Wednesday, June 23, 2004

I’m notorious for procrastinating. I frequently rely on deadlines to force me to complete projects. Without a due date, I would have never finished college essays. Without the newspaper deadline, I may still be ironing out thoughts for my opinion columns. And sadly, without the threat of death, I would never address issues with my health.

A week and a half ago I felt numbness in my left arm. A short time later the numbness descended down my hand. It was followed by tightness in my chest. Then it all faded, only to appear the next day. I thought I may have slept on my arm wrong and the circulation was poor. It continued. Perhaps it was poor ergonomics at work. I changed chairs and setups. It continued. The tightness in the left side of my chest sidled my left arm numbness. Could it be due to stress? I reflected on my life and realized that the only anxiety inducing element to my life was my guitar being out of tune. It didn't seem like stress was the cause.

It continued for a few more days until last Tuesday when the pain grew intense. The muscles on the left side of my chest clamped down like an old lady on her bingo cards. It felt like my heart was being crushed and rebar driven through it. Despite my condition, I felt the need to drive home first and grab my health insurance card before continuing onto my doctor. I loathe melodrama. With that being said, sitting at a traffic light, I genuinely thought I was going to die. I wouldn't have time to see my doctor. I needed to visit the hospital. Somehow, I still retrieved my insurance card thinking that having to deal with the hospital without this card would be worse than actual death. At my home, I pondered calling an ambulance, but not wanting to make a spectacle, I drove myself to Scripps Hospital in La Jolla.

I walked into the reception area and upon telling the receptionist about my chest pains he instantly directed me to an adjacent room where two nurses waited. I told them about my condition and they took my vitals. The nurse asked me questions about my history. Do you smoke? No. Are you diabetic? No. Are you allergic to anything? No. Have you ever freebased with Motley Crue? Once.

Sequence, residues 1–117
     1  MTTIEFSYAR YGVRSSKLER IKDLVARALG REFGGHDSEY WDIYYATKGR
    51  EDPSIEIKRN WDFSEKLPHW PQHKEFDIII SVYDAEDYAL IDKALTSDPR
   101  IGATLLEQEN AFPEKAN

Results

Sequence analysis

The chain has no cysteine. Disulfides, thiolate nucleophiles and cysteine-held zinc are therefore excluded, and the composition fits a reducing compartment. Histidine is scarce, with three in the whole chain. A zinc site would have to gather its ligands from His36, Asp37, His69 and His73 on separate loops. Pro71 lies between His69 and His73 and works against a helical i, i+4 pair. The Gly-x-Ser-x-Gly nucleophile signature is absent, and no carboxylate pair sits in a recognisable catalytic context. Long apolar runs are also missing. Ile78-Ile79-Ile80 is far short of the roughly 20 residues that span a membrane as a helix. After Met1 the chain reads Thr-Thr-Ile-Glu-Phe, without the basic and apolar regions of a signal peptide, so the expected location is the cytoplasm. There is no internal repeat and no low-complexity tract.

After this initial examination the nurse walked me over to a curtain separated bay with a bed and told me to change into a hospital gown. She returned a few minutes later and stuck electrodes all over my body and hooked the many strands of wire to a machine on the wall. Another nurse entered and placed an IV into my arm. She took four vials of blood and then attached a solution bag suspended from the ceiling. I was now tethered. The final touch was a glycerine patch placed on my chest.

A series of technicians entered my bay with equipment and took an EKG reading. Later, two guys wheeled in a machine, propped me up, and took a chest x-ray. The doctor came in and asked what I was feeling. I always hate this moment. Regardless of my condition, I always feel like it's my job to convince the doctor that I'm feeling what I'm feeling and be able to articulate this pain into terms that generate an immediate diagnosis from him. I could enter the hospital impaled with a spear, have both ends of it sticking out of me, and still feel this innate vulnerability that he'll think I'm faking it.